Global Compliance Desk – South Korea

Amendment to Equal Employment Opportunity and Work-Family Balance Assistance Act 

On August 2, 2019, the South Korean National Assembly, made a few legislative changes that extend entitlements to paternity leave and childcare leave and grant employees the right to time off in order to provide support to pregnant and child-rearing workers.

Paternity Leave – Effective date: October 1, 2019

Earlier, the Act stated that a male worker could take paternity leave for 3 to 5 days, and the first three days could be paid leave if he fulfilled certain eligibility criteria. The male worker also had to request the leave within 30 days from the birth of the child.

As per the amendment, the employers are required to guarantee 10 days of paid paternity leave. Additionally, employees will be able to make the request to use paternity leave within 90 days after the delivery date. In addition, the new law allows a male worker to divide the leave period and take it on two separate occasions.

Childcare Leave & Reduced Working Hour Effective date: October 1, 2019

Earlier, an employee with a child who is either 8 years old or younger, or who is in the second grade or below in elementary school, is entitled to 1 year of childcare leave and reduced working hours, combined, which can be used all at once or split between two separate periods. Hence, an employee who uses 1 year of childcare leave is not entitled to any further period of reduced working hours for childcare, for the same child.

The amendment has increased the period of reduced working hours for childcare. Workers may request their employer to decrease their working hours to between 15 and 35 hours per week, except in special cases. The duration of reduced working hours can be for up to 1 year. However, when workers have used none or only part of their one-year parental leave, the remaining portion can be added to the period of reduced working hours. Thus, workers may reduce their work hours for up to two years.

Family-Care Leave – Effective date: January 1, 2020

As per the current act, an employee had to use a minimum of 30 days at a time out of the 90 days allowed per year.

As per the amendment, of the 90-day family-care leave entitlement, the new amendment will allow employees to use up to 10 days each year on a single-day basis. Besides, it will also expand the scope of ‘family’ so employees may use family-care leave to look after a grandparent or grandchild. An employer can only refuse an employee’s request to go on family-care leave or request a change in the leave period on a restricted basis.

The effective date of this measure is based on the size of the organization:

  • From January 1, 2020, for employers with 300 or more employees and most governments invested or government-controlled employers;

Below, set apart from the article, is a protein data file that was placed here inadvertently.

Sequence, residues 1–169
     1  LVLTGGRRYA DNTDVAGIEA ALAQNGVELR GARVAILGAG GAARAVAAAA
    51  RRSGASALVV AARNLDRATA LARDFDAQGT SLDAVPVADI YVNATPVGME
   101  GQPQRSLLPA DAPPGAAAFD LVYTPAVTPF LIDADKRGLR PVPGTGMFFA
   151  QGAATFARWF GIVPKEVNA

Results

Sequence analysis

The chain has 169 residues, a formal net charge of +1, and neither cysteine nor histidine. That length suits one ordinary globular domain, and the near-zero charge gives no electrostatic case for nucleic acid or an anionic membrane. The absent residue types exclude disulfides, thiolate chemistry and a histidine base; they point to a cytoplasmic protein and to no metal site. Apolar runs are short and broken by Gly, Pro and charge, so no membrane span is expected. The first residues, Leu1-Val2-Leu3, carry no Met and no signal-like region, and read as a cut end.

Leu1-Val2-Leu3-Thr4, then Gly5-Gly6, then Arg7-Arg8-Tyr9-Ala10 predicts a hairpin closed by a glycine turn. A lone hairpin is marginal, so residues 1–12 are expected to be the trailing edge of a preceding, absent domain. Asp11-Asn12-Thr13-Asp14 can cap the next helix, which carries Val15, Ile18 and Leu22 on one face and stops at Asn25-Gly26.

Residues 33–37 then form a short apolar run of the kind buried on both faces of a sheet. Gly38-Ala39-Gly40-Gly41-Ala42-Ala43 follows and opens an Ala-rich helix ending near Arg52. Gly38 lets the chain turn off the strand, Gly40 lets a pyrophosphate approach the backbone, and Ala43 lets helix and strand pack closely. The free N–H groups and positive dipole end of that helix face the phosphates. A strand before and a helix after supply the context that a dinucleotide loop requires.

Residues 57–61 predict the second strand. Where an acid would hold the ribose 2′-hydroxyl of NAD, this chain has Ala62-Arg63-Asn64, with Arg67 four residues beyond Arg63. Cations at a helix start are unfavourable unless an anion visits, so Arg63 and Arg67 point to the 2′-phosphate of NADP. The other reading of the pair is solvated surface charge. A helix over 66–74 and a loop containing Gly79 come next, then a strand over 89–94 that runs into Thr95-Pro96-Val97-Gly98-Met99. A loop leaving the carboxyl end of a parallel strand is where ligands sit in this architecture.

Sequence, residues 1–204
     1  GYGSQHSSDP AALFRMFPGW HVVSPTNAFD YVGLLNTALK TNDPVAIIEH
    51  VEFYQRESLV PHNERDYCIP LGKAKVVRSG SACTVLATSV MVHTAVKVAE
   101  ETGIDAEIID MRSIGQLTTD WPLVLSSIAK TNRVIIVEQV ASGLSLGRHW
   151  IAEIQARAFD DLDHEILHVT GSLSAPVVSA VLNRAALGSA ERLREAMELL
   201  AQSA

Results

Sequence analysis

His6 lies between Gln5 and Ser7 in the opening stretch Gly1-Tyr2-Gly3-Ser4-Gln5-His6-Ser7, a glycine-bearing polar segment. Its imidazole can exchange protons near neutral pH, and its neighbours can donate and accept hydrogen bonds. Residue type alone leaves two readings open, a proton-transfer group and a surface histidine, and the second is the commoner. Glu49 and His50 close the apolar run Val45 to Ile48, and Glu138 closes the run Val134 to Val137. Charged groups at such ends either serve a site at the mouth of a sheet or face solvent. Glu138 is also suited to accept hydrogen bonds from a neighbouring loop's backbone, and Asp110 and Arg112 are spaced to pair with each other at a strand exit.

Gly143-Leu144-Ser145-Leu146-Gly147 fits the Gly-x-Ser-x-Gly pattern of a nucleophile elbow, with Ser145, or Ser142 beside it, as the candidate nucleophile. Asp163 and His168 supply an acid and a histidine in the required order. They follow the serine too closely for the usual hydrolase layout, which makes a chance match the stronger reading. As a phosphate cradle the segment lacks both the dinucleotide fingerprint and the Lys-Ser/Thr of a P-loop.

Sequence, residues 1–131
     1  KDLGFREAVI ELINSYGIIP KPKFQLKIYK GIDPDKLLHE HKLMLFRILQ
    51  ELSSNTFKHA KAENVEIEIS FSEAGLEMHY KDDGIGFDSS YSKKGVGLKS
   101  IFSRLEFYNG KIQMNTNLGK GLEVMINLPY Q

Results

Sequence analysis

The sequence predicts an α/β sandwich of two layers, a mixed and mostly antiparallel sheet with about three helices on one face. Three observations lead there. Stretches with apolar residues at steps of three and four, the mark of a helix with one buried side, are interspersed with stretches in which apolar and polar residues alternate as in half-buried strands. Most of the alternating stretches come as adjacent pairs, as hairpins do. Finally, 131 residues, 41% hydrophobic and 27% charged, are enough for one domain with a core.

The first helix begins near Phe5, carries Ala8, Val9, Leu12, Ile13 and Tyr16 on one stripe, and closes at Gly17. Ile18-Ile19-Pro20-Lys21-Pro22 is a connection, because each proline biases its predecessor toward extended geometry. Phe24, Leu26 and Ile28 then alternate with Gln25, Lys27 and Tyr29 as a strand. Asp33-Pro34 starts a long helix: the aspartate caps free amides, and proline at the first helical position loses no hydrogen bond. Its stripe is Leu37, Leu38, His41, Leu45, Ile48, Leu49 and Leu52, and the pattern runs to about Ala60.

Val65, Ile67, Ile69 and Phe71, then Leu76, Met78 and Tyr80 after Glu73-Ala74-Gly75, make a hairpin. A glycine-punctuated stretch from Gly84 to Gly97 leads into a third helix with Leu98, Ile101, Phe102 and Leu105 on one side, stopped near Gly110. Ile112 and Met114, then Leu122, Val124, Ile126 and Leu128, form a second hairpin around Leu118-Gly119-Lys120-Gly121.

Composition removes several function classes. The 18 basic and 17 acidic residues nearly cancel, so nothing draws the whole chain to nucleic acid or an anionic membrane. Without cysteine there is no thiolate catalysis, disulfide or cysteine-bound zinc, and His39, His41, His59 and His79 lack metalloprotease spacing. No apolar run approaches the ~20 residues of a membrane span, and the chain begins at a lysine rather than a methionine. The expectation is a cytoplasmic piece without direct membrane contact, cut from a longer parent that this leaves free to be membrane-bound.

• January 1, 2021, for employers with 30-299 employees; and
  • January 1, 2022, for employers with fewer than 30 employees.

Conclusion

All employers should be aware of these recent amendments and ensure that they are prepared to comply with the changes after they become effective.

Shreya Bhattacharya
ABOUT THE AUTHOR
Shreya Bhattacharya
A labor and employment lawyer at Replicon who specializes in global compliance. Replicon provides award-winning products that make it easy to manage your workforce. Replicon is an industry leader in global compliance and has a dedicated team which pro-actively monitors international labor regulations for ensuring proper adherence with specific country rule requirements.
Get started today.
Set up a free trial based on your business needs. Start Free Trial

Global Compliance Desk – Maine, United States

New Earned Employee Leave in Maine Governor Janet Mills signed L.D. 369, An Act Authorizing Earned Employee Leave, in May 2019, which will become effective on January 1, 2021. Currently,…Read More

Weathering a Crisis: 3 Steps to Revitalizing Your Time and Attendance

Regardless of who you ask, most would agree that the pandemic has unilaterally redefined life as we know it. What feels like an eternity of uncertainty and confusion for many…Read More

How COVID-19 Has Changed Digital Transformation Strategies

October 12, 2020 COVID-19 changed how we work and changed what we work with. It's even changed the strategies that have been put in place to move enterprises from traditional…Read More

Will AI replace consultants?

The onset of AI and smart machines automating formerly-human jobs has been discussed at length as of late -- often in relation to manufacturing and manual labor jobs. And yet,…Read More

6 steps for fast-tracking profitability in your consulting practice

Advice aimed at entrepreneurs and small businesses tends to be heavily product-oriented, but in reality the majority of US small businesses fall under the “Professional, Scientific, Technical, and Other Services”…Read More

Consulting firms: 4 ways to improve billing & get paid on time

At the end of the day, your consulting firm relies on the assumption that a good percentage of clients will honor their payments promptly and accurately. In the professional services…Read More
  • Cloud
  • In The News
  • Corporate
  • Professional Services Management
  • Project and Program Management
  • Shared Services Management
  • Time and Attendance Management
  • Workforce Management
  • Customer Feature
  • Feature Update
  • Time Intelligence
  • Industry News
  • Webinar Recap
  • Global Compliance Updates